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    ABSTRACT: Background: Increasing access to evidence-based talking therapies for people with psychosis is a national health priority. We have piloted a new, "low intensity" (LI) CBT intervention specifically designed to be delivered by frontline mental health staff, following brief training, and with ongoing supervision and support. A pilot feasibility study has demonstrated significant improvement in service user outcomes. This study is a qualitative analysis of the experiences of the staff and service users taking part in the evaluation. Aims: To evaluate the acceptability of the training protocol and the therapy, and to examine the factors promoting and restraining implementation. Method: All trained staff and service users completed a semi-structured interview that was transcribed and subjected to thematic analysis. Results: Service users spoke about learning new skills and achieving their goals. Staff spoke about being able to use a brief, structured intervention to achieve positive outcomes for their clients. Both groups felt that longer, more sophisticated interventions were required to address more complex problems. The positive clinical outcomes motivated therapists to continue using the approach, despite organizational barriers. Conclusions: For both trained staff and service users, taking part in the study was a positive experience. Staff members' perceived skill development and positive reaction to seeing their clients improve should help to promote implementation. Work is needed to clarify whether and how more complex difficulties should be addressed by frontline staff.
    Behavioural and Cognitive Psychotherapy 10/2013; 43(03):1-16. DOI:10.1017/S1352465813000908 · 1.69 Impact Factor
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    ABSTRACT: To investigate social support and network features in people with first-episode psychosis, and to examine anxiety as a possible mediator between loneliness and a rating of paranoia. Thirty-eight people with first-episode psychosis were recruited for a cross-sectional study. Self-report questionnaires and structured interviews assessed symptoms, functioning, and qualitative social network and support features. A mood-induction task involved watching anxiety-inducing pictures on a computer screen. Visual analogue scales assessed changes in paranoia, anxiety and loneliness and a mediation analysis was conducted. One-third of the sample (34 %) had no confidant [95 % CI (18.4, 50.0 %)]. The average number of weekly contacts was 3.9, with 2.6 lonely days. Poor perceived social support, loneliness and the absence of a confidant were strongly associated with psychosis and depressive symptoms (0.35 < rs < 0.60). The association between loneliness and paranoia was mediated through anxiety (ab = 0.43, z = 3.5; p < 0.001). Even at first episode, a large proportion of people with psychosis have poor perceived support, no confidant and report several lonely days a week. Patients without a confidant appear to be more susceptible to feeling lonely and anxious. Anxiety may be one pathway through which loneliness affects psychosis. Interventions which focus on this are indicated.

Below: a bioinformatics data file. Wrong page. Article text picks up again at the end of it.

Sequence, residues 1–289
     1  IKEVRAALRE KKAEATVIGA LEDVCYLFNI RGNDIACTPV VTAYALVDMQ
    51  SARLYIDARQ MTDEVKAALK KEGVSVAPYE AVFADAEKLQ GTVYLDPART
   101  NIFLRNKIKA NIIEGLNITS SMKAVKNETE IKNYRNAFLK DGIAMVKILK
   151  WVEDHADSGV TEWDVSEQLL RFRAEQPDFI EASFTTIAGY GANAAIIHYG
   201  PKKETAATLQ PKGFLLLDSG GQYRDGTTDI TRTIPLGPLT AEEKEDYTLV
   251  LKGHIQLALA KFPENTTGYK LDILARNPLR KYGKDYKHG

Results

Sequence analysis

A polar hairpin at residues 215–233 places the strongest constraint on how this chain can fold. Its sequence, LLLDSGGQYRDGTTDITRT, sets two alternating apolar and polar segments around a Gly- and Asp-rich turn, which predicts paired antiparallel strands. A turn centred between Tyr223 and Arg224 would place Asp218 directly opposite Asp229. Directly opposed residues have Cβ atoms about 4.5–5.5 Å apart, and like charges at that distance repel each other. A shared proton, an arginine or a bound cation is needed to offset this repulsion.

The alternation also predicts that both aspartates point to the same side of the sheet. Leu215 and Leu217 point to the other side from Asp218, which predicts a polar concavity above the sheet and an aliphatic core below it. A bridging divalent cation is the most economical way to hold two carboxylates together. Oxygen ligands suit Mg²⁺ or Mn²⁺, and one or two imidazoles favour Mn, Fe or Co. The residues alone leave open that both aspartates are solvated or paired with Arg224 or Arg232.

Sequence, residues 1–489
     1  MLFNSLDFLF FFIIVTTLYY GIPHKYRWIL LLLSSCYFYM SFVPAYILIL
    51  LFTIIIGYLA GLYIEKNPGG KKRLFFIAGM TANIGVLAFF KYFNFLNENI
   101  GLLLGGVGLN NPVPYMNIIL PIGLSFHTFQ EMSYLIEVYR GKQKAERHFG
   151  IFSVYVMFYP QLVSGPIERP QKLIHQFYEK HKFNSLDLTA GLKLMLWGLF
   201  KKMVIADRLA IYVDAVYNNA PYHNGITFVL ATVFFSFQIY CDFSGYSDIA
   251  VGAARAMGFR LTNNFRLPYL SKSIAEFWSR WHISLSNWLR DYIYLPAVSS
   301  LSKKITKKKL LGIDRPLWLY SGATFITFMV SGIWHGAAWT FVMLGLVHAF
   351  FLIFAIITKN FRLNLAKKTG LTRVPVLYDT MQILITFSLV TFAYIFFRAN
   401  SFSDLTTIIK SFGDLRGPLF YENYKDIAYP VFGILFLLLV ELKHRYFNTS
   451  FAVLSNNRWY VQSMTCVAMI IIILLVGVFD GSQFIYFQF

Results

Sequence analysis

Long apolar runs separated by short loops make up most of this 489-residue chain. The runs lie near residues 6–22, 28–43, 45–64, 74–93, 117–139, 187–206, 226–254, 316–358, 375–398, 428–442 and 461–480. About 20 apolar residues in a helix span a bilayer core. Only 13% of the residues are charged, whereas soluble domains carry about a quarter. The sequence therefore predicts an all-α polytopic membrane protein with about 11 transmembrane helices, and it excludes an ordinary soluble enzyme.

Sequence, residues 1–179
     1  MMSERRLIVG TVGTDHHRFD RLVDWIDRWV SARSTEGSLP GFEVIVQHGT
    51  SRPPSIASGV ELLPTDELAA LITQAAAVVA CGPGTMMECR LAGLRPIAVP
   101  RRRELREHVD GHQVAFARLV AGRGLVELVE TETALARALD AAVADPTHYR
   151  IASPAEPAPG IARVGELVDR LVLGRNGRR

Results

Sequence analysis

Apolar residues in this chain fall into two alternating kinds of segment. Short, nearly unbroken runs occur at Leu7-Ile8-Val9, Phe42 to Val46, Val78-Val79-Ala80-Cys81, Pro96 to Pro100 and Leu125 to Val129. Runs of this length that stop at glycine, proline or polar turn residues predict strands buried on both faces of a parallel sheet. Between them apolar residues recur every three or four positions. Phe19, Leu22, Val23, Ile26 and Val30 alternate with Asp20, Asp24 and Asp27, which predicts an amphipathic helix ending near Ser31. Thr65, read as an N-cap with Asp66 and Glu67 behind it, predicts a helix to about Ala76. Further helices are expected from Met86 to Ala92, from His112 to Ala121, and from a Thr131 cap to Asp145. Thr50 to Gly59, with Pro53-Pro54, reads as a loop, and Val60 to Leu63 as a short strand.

Social Psychiatry 08/2013; DOI:10.1007/s00127-013-0754-3 · 2.58 Impact Factor
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    ABSTRACT: AIM: This study explored the relationship between individuals with early psychosis and first-degree relatives who were carers, to see whether negative and distressing experiences of the patient-carer relationship were associated with social cognition difficulties in both groups. METHOD: The study had a cross-sectional correlational design. A total of 33 patients with early psychosis (within 3 years of first psychotic episode) and 24 first-degree relative carers (all parents) completed measures of mood, expressed emotion and negative experiences of caregiving. Social cognition measures of theory of mind and emotion recognition were also collected. RESULTS: Patient perceptions of carer criticism were related to increased anxiety and depression. Carer negative experiences of caregiving were related to higher levels of expressed emotion, anxiety and depression. Both patients and carers showed impaired performance on social cognition tasks. However, patient social cognition was not related to perceptions of carer criticism or symptoms. Carer social cognition was not related to expressed emotion or carer burden. CONCLUSION: Even in the early stages of psychosis, both patients and carers were reporting negative experiences of the caregiving relationship. These were related to higher levels of anxiety and depression. Social cognition difficulties were found in both early psychosis patients and first-degree relatives, but did not relate to caregiving relationships. The findings underscore the importance of providing targeted family interventions to individuals with early psychosis and their carers that address appraisals of the relationship and low mood.